Two (Stolen) Ideas and Two Challenges

I had the privilege of observing at Noble Street UIC College Prep in Chicago a few weeks ago.  The school is in its third year with six hundred high school kids.  The students are achieving strong results and the entire place exuded calm urgency.

There’s a longer post about the challenges of high school teaching and some other ideas still marinating from the visit.  However I have been stuck in a bit of a writer’s block over the past two months so I will try to get something on the page.

Two (Stolen) Ideas

from Oliver Sicat (principal and founder of Noble Street UIC College Prep)

Start with strengths. This hardly counts as a revelation until you hear Oliver describe his observation routine.  His vision of excellent teaching is summarized in a one page laminated sheet that resembles the play-calling guides used by football coaches.  He enters the room with his instructional leadership team or his video camera.  They observe until they see a strength.  If Oliver is video-taping, he stops as soon as he has a clip of the teacher performing one of the desired behaviors.  The two key ideas behind this practice are: norming the leadership team around what excellent teaching looks like and building each teacher starting with their strengths.  There are numerous yes-buts (what about lesson flow?  what about identifying areas for growth? and so on) but it’s a powerful way to build a school’s academic vision and culture around teaching.  I may not have the discipline to stick to this routine for a year but even doing this for a few weeks would be incredibly valuable for everyone who coaches in our school and it might transform the way we develop some of our struggling folks.

Be disciplined. As soon as Oliver captures video of a teaching moment he downloads it to the server and codes it. The staff has picked up this habit and they now have over four hundred clips of the behaviors on Oliver’s one page vision.  This kind of self-discipline is something I now aspire to; I have hours of video and a hard drive full of literal notes that I gathered but never truly analyzed.

Two Challenges

Has anyone figured out to improve student audio?  I worry that the proliferation of video as a professional development tool has the unintended consequence of making us more focused on what the teacher is doing than the kids.  This happens because frequently the only person heard in the video is the teacher.  In an ideal world we could pull out transcripts of the students to supplement the video but there aren’t too many of us who have a crew of people observing alongside us or the time to wade back through the video and transcribe it.  Is there a better way to mike the room or a different approach to recording? I did for kicks once  flipcam a single student for the entire period; it was entertaining but not the best tool for coaching the teacer.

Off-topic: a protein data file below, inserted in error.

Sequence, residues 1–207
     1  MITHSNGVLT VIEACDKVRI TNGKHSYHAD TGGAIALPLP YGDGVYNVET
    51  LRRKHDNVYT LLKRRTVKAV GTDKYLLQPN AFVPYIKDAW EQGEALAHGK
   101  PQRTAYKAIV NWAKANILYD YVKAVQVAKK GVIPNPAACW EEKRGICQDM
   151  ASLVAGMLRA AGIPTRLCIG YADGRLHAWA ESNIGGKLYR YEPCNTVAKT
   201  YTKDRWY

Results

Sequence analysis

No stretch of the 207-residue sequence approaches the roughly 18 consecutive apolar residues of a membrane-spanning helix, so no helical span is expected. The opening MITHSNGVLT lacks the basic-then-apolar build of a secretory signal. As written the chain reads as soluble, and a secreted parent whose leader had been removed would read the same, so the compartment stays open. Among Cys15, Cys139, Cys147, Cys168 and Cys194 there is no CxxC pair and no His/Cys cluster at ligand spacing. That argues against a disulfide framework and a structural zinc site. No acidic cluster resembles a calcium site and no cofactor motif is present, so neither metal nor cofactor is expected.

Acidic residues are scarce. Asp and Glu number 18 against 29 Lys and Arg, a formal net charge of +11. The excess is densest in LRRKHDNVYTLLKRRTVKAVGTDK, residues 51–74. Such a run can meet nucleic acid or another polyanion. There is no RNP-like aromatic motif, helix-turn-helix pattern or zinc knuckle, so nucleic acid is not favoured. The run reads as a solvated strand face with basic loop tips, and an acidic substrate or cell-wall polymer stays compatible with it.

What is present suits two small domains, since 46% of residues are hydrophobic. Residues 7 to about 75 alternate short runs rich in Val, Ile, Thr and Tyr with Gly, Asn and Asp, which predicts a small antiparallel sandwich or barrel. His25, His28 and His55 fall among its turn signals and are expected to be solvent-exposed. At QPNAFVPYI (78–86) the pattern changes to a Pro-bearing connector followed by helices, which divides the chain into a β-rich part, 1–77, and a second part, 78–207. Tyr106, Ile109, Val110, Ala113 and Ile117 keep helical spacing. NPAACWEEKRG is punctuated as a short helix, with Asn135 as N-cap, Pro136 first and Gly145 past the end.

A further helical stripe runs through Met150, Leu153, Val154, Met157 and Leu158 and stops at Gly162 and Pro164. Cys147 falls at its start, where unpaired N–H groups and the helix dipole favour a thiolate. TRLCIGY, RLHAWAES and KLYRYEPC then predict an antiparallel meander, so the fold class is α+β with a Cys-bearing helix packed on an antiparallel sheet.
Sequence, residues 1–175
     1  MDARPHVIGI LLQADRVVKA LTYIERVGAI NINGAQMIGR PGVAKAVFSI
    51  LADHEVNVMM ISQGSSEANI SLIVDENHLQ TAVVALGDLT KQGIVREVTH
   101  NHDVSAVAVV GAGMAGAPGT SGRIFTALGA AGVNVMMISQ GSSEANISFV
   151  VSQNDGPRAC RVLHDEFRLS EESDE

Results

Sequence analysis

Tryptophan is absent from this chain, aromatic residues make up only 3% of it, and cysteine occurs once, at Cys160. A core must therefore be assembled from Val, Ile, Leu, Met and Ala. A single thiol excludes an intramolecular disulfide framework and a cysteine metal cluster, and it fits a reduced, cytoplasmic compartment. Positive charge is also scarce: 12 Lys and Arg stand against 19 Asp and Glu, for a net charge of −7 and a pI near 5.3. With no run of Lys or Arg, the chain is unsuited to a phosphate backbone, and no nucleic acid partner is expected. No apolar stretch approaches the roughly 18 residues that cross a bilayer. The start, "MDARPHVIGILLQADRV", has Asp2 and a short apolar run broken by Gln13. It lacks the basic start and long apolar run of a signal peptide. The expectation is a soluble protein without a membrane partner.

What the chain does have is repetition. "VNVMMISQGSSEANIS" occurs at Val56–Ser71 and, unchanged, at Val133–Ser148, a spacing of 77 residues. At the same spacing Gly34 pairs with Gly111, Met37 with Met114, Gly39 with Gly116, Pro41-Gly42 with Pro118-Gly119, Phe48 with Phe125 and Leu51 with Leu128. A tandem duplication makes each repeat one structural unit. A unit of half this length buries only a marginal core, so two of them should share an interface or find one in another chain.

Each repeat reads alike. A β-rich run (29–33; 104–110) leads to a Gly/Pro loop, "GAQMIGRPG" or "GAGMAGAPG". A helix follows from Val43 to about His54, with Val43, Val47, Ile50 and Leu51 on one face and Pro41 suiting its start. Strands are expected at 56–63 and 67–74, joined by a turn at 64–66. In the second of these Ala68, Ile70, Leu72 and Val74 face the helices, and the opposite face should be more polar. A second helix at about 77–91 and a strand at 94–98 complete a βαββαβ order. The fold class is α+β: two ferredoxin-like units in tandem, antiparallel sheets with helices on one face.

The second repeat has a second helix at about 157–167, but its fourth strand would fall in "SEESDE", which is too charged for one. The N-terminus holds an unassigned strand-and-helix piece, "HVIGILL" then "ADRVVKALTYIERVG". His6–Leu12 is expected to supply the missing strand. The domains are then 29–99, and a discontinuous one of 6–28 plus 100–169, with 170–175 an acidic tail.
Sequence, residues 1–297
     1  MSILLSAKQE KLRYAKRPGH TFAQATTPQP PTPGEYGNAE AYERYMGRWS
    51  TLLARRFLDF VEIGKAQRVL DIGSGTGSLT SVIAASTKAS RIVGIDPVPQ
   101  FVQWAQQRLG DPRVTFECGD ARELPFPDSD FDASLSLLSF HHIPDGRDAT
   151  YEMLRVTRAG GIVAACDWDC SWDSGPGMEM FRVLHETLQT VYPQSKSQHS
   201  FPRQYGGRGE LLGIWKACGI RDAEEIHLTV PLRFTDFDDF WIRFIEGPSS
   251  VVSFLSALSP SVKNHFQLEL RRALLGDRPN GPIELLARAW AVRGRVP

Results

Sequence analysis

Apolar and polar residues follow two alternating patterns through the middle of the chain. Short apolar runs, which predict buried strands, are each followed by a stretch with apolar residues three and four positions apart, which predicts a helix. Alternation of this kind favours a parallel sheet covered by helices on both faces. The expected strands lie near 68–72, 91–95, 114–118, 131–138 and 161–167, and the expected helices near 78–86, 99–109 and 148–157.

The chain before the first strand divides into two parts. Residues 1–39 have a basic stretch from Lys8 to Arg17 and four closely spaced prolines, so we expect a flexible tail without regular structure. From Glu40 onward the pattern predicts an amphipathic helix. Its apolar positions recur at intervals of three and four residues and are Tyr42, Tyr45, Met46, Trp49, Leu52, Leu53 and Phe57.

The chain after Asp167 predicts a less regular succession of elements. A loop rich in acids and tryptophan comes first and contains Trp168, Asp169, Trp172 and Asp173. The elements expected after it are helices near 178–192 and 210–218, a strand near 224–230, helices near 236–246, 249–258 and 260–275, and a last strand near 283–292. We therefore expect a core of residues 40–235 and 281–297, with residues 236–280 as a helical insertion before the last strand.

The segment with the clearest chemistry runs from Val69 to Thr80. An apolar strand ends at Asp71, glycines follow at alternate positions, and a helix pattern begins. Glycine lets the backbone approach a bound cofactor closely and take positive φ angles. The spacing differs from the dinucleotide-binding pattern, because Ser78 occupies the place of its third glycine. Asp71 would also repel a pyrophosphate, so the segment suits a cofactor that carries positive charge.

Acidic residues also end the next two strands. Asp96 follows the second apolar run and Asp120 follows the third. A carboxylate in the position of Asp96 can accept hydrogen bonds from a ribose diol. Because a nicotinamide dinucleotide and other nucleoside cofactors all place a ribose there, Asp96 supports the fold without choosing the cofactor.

Remember Pop-up video?  I grew up in Maine without cable so I actually don’t remember it.   The premise was that throughout the video facts about the song and artists would appear transforming an out-dated video into a trove of trivia.  Oliver and I were wondering how we might do this with lesson video.  How could you show a teacher’s thought process, decision tree, and planning alongside the actual action of the class? What’s the cheap and quick way to do this?  What’s the ideal way?


3 Responses to “Two (Stolen) Ideas and Two Challenges”

  1. jsmith6 Says:

    I would LOVE to see the one page sheet, especially after doing video analysis for a year using Lemov’s moves. Would be fascinating to compare and contrast. Does he share at all?

    • mrdolan Says:

      I will gladly send it. You have to send a link to your history mysteries or post them on KIPP Share. I am hearing rave reviews.

  2. shipley Says:

    I completed my student-teaching assignment in the room next door to Oliver’s at Madison Park Technical Vocational High School back in 2006, the year that he was teacher of the year in Boston Public Schools and one of People Magazine’s “Heroes Among Us.” He was my KIPP before I knew what KIPP was!

    Really looking forward to hearing more about the school visit.

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